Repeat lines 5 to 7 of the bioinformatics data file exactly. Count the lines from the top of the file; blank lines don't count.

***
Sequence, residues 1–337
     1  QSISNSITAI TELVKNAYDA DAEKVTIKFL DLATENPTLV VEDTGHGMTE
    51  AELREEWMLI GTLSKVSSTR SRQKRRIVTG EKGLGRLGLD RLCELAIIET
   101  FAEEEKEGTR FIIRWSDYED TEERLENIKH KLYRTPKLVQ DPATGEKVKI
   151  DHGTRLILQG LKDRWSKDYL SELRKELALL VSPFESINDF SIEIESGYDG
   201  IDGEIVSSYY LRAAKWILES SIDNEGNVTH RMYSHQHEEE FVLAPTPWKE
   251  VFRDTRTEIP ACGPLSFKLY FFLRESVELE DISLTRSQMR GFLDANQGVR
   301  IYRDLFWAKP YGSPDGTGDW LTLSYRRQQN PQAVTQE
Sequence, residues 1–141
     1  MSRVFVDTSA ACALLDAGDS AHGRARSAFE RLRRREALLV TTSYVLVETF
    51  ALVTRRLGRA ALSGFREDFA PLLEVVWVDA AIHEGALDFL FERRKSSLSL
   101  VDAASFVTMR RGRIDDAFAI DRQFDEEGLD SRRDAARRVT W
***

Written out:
   151  DHGTRLILQG LKDRWSKDYL SELRKELALL VSPFESINDF SIEIESGYDG
   201  IDGEIVSSYY LRAAKWILES SIDNEGNVTH RMYSHQHEEE FVLAPTPWKE
   251  VFRDTRTEIP ACGPLSFKLY FFLRESVELE DISLTRSQMR GFLDANQGVR